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NCJ Number: 158956 Add to Shopping cart Find in a Library
Title: Longitudinal Study of the Relationships Among Alcohol Use, Marijuana/hashish use, Cocaine Use, and Emotional/Psychological Functioning Problems in a Cohort of High-Risk Youths
Journal: International Journal of the Addictions  Volume:25  Issue:11  Dated:(1990)  Pages:1341-1382
Author(s): R Dembo; L Williams; L La Voie; J Schmeidler; J Kern; A Getreu; E Berry; L Genung; E D Wish
Date Published: 1990
Page Count: 42
Sponsoring Agency: National Institute of Justice (NIJ)
Washington, DC 20531
Office of Juvenile Justice and Delinquency Prevention
Washington, DC 20531
US Dept of Justice NIJ Pub
Washington, DC 20531
Grant Number: 86-IJ-CX-0050; 87-JN-CX-0008
Dataset: DATASET 1
Type: Survey
Format: Article
Language: English
Country: United States of America
Annotation: Data collected in a longitudinal study of detained juveniles were used to test a model of the relationships among histories of child physical and sexual abuse, alcohol and other drug use, and emotional and psychological problems.
Abstract: The model specified direct influences of childhood abuse experiences and previous alcohol or other drug use on emotional and psychological functioning problems over time and subsequent use of alcohol or other drugs. The data came from interviews conducted at two points in time with 236 males and 69 females admitted to a regional detention center in the Tampa Bay, Fla. area. The initial interviews took place within 48 hours of admission. The followup interviews took place in late 1987 and early 1988. Results indicated that physical abuse, sexual victimization, and previous drug use are interrelated experiences. Physical abuse related to emotional and psychological functioning problems as measured at the initial interview in each of the drug use analyses. Some of the relationships differed for different drugs. Findings indicated the need to view the youths in holistic terms; focusing on one problem at a time provides only limited insight into the difficulties that must be resolved. Findings also have implications for the assessment of high- risk youths entering the juvenile justice system, staff training, criteria for evaluating intervention programs, and the time demands of effective interventions for multiproblemed youths who use drugs. Figures, tables, appended table and category list, and 62 references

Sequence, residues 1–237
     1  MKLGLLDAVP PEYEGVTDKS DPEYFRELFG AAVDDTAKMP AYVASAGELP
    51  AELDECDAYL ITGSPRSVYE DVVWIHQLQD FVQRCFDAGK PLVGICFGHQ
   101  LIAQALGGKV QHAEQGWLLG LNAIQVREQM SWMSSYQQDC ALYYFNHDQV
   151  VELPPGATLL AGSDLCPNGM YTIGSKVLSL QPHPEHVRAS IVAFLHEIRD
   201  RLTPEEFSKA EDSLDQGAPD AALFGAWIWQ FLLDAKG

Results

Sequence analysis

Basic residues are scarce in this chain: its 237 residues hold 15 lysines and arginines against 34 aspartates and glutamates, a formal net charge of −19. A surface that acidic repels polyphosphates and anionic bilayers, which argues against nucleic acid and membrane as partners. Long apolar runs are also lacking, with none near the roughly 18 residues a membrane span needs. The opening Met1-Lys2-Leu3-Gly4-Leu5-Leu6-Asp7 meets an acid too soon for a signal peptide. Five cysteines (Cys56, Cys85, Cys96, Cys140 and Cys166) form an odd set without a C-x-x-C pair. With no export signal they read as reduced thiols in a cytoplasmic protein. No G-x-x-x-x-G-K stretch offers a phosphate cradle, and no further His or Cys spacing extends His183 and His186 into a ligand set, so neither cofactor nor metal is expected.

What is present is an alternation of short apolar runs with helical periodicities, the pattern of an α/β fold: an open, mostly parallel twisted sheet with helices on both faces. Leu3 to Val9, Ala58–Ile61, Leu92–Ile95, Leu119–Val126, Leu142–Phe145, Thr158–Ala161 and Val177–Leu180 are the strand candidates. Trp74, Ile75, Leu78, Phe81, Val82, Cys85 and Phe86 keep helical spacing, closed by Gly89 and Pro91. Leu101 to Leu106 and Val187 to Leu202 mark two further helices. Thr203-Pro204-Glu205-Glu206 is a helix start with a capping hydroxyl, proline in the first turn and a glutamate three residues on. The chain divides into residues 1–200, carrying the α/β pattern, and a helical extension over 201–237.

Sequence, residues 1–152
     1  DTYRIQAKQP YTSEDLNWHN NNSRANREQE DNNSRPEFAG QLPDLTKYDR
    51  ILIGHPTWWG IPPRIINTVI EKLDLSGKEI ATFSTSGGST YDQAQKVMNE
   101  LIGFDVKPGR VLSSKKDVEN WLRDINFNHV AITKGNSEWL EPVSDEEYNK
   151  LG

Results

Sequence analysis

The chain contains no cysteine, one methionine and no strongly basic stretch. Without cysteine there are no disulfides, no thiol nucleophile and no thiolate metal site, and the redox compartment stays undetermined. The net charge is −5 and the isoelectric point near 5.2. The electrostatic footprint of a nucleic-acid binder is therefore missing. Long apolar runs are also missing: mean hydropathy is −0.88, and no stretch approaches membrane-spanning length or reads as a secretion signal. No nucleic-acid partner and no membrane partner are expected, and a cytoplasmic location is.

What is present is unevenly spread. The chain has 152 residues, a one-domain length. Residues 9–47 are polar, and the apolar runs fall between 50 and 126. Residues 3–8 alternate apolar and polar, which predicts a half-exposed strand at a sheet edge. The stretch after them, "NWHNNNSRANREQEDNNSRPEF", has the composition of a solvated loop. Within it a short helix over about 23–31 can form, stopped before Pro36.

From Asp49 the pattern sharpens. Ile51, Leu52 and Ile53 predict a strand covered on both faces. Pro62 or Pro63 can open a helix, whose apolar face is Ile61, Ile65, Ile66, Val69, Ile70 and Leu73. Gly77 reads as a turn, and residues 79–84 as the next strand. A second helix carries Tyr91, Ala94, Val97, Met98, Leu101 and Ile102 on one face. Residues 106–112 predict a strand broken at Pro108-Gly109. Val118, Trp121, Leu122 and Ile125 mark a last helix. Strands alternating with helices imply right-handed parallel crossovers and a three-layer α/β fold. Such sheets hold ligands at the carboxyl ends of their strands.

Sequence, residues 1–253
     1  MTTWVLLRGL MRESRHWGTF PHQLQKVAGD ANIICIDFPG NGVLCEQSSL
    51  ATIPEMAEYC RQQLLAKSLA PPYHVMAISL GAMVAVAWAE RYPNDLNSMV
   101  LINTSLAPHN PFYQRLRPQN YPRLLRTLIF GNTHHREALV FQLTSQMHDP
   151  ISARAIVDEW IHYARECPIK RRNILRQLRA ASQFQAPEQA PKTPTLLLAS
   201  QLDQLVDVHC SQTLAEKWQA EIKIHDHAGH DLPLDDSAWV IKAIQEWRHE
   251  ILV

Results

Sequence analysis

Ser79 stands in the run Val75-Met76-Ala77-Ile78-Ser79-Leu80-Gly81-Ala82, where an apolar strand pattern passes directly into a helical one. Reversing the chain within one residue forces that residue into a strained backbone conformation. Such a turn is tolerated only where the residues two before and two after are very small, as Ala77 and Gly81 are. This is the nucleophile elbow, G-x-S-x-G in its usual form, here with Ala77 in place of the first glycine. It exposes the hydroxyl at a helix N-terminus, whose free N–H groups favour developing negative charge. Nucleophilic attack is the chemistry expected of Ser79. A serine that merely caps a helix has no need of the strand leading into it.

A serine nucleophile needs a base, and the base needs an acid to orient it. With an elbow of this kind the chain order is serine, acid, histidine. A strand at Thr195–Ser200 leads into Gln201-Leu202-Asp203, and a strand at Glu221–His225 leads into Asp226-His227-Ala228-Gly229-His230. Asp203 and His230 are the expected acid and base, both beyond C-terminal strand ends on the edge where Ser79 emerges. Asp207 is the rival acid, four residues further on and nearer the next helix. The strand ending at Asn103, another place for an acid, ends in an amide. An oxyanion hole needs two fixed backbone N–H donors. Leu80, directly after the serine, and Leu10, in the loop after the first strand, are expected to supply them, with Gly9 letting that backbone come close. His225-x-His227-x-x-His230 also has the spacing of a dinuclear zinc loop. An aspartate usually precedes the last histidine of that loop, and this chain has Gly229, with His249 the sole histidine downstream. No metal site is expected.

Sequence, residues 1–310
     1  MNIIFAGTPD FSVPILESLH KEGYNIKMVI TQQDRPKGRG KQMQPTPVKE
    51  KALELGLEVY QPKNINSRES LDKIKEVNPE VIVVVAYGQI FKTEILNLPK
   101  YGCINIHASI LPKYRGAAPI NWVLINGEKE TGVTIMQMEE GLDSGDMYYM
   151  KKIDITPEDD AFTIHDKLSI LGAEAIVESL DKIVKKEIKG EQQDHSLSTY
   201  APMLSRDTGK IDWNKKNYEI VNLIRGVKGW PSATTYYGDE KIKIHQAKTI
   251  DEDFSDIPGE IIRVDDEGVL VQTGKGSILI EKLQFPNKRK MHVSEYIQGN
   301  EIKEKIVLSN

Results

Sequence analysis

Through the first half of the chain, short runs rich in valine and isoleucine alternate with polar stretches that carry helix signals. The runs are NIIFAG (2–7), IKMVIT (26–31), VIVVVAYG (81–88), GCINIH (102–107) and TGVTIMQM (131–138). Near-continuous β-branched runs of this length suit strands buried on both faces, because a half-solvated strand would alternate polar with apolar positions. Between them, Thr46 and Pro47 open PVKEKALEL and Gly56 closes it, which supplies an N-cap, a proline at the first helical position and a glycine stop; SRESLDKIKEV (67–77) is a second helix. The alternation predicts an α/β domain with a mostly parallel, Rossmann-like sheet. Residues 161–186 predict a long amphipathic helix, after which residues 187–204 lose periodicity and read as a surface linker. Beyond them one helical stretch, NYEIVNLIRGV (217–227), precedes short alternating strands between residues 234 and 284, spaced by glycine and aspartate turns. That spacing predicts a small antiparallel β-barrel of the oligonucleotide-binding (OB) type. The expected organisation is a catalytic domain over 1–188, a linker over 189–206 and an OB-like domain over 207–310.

Main Term(s): Drug abuse causes
Index Term(s): Child abuse as delinquency factor; Florida; Juvenile delinquency factors; Juvenile drug abusers; Juvenile drug use; Parental influence; Psychological victimization effects
To cite this abstract, use the following link:
http://www.ncjrs.gov/App/publications/abstract.aspx?ID=158956

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